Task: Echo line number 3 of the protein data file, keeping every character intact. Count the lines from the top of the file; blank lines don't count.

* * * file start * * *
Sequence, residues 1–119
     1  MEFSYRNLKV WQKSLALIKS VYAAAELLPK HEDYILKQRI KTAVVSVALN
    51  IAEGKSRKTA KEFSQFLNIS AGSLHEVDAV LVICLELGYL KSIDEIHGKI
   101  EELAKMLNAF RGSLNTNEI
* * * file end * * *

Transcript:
    51  IAEGKSRKTA KEFSQFLNIS AGSLHEVDAV LVICLELGYL KSIDEIHGKI